Sharing faith is only a priority for around half of UK Christians, while many are unaware of the Great Commission, according to a new study out today.
In the survey of 2,351 UK Christians, only 49% agreed that it was important for Christians to share their faith with others.
Of the 21% who identified as 'active' Christians, two in five (43%) knew nothing about the Great Commission - the command of Jesus to his followers to go and make disciples of all nations.
This rose to 71% of adults identifying as Christian and three quarters of the general population who said they had no knowledge of the Great Commission.
Younger people (18-44-year-olds) were more likely to know at least a little about the Great Commission (26%) than those aged 45 or over (14%).
Those aged 18 to 44 were also more likely to have been to church in the last 12 months (55%).
Among active Christians, 38% said that sharing the Christian faith with those who do not know about it is the primary purpose of church mission work.
The survey was commissioned by Operation Mobilisation and carried out by Savanta ComRes.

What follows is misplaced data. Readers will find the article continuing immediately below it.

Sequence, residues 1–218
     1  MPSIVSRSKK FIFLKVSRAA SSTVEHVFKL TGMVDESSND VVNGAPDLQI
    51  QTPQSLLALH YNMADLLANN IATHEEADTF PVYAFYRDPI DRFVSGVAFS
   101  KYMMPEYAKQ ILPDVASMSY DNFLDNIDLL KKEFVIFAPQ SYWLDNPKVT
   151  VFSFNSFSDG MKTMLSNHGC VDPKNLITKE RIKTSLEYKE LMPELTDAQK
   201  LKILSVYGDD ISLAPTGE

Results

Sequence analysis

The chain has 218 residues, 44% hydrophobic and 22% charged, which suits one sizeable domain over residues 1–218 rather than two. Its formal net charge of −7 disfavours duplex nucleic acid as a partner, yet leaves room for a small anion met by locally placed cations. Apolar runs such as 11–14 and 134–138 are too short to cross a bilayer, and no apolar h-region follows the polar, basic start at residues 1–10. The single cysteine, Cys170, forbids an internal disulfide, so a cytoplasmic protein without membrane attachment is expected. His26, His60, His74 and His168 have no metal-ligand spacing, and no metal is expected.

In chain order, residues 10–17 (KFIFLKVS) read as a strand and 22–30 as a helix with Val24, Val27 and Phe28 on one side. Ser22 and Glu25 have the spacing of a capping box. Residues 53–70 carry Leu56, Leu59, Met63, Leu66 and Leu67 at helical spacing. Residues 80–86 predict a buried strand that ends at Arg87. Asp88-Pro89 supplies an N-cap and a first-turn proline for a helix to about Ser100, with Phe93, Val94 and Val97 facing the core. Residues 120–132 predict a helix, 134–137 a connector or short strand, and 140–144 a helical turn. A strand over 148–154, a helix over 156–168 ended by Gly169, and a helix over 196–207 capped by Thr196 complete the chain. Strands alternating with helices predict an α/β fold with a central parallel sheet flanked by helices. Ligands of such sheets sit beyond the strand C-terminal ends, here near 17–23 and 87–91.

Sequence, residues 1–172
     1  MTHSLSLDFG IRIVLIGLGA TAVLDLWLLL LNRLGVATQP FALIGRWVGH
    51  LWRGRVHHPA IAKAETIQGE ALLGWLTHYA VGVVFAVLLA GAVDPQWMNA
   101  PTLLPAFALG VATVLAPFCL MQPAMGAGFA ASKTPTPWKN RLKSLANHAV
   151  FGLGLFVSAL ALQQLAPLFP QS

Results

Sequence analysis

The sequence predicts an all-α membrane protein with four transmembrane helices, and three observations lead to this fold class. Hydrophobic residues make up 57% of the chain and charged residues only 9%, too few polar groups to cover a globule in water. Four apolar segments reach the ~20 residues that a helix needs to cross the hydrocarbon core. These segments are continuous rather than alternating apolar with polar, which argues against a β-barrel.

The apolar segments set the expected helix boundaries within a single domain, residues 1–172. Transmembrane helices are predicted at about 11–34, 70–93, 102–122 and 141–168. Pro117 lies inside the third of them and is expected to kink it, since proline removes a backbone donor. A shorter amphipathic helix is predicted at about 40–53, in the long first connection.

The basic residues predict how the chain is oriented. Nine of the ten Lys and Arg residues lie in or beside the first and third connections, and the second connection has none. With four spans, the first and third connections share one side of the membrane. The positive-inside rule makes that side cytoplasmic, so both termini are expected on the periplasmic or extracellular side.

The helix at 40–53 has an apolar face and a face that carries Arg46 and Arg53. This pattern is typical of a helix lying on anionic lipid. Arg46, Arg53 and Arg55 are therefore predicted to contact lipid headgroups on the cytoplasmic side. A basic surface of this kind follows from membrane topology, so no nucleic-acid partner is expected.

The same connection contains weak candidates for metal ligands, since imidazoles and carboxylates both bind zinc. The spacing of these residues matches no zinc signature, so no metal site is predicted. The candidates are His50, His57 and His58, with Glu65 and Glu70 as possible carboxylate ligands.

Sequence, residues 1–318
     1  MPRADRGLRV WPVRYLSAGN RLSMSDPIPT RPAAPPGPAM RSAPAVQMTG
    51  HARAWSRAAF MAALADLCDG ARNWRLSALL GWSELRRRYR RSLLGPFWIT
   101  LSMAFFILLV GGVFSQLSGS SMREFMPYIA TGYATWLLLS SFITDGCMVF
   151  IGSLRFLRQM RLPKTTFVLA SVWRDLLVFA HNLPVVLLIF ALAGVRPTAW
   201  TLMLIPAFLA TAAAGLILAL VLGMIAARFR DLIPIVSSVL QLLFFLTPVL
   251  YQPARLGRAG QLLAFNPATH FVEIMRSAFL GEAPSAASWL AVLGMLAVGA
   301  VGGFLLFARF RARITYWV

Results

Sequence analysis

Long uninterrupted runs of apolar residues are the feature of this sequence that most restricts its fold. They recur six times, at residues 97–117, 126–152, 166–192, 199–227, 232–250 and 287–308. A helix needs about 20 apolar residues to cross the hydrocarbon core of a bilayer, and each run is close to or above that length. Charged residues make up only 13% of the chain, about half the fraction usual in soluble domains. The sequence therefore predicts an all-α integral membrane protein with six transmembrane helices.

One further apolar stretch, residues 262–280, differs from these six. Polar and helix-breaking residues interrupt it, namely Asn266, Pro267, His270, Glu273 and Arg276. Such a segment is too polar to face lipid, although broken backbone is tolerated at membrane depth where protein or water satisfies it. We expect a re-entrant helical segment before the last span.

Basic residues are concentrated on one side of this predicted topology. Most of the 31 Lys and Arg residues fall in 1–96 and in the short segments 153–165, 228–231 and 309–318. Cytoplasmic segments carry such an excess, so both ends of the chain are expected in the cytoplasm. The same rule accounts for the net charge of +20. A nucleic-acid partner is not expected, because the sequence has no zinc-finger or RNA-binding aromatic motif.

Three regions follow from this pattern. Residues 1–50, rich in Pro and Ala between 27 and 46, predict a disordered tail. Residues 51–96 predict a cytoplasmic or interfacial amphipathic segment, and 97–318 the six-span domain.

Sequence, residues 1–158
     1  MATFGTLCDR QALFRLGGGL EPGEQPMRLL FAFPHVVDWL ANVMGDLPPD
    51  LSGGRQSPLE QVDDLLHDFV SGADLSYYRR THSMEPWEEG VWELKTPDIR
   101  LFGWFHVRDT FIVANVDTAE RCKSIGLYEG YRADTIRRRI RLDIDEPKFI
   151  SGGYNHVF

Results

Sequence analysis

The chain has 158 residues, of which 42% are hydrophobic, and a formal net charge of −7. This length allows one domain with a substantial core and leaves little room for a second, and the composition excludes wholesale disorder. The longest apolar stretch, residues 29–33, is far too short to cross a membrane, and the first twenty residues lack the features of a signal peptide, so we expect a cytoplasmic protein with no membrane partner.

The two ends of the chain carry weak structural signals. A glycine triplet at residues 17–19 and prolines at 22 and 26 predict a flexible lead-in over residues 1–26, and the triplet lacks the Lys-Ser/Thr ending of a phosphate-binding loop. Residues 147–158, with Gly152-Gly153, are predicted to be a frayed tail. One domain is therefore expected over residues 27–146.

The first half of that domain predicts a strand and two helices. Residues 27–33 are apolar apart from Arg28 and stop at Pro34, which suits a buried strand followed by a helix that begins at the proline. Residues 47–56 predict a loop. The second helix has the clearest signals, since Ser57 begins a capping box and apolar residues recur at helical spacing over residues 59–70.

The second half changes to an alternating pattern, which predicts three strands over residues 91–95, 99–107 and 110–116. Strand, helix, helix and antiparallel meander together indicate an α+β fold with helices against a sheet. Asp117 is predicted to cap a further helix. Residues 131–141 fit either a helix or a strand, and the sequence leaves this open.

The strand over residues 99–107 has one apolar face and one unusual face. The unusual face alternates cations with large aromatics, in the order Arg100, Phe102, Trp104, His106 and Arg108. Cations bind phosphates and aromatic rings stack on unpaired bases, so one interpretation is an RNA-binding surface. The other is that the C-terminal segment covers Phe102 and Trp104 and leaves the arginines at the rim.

Commenting on the results, OM UK CEO, Matthew Skirton, said: "Despite faith-sharing being a biblical mandate for all Christians, this study suggests that a significant number of UK Christians do not actively practise this themselves."
The poll was conducted online between 16 and 18 September 2022.
The findings have been released just weeks after the 2021 census revealed a significant drop in the number of people in England and Wales identifying as Christian in the last decade.
It is the first time that the proportion of Christians has fallen below half the population, down from 59.3% at the time of the last census in 2011 to 46.2% in 2021.
Over a third of people now say they have no religion - up from a quarter in 2011.